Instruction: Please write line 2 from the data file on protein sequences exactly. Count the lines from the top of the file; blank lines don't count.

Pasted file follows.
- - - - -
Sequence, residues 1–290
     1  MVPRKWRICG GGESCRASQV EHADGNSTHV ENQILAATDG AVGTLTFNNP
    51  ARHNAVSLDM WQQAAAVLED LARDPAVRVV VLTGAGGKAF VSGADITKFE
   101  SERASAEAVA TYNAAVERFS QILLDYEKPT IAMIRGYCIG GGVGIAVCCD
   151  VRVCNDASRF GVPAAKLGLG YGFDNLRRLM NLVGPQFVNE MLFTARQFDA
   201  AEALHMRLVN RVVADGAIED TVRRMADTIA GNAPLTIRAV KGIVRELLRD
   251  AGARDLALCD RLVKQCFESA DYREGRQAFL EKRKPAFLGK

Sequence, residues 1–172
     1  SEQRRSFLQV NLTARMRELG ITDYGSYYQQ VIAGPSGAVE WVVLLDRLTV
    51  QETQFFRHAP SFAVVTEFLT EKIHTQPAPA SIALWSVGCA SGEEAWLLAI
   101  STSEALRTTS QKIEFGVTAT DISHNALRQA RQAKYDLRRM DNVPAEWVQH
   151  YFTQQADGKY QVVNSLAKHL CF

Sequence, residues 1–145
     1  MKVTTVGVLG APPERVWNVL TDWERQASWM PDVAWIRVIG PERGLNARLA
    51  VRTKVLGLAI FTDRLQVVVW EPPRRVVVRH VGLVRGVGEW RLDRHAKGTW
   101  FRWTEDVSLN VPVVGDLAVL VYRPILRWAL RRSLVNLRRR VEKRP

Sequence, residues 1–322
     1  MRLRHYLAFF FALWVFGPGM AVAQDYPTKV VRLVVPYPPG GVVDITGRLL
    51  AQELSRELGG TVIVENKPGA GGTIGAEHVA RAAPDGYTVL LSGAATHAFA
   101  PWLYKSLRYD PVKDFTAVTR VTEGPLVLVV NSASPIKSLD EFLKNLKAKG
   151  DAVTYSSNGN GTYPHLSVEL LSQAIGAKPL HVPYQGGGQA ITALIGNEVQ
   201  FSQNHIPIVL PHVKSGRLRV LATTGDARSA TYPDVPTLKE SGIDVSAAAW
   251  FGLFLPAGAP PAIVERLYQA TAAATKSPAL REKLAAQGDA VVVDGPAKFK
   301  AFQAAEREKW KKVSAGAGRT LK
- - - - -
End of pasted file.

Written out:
     1  MVPRKWRICG GGESCRASQV EHADGNSTHV ENQILAATDG AVGTLTFNNP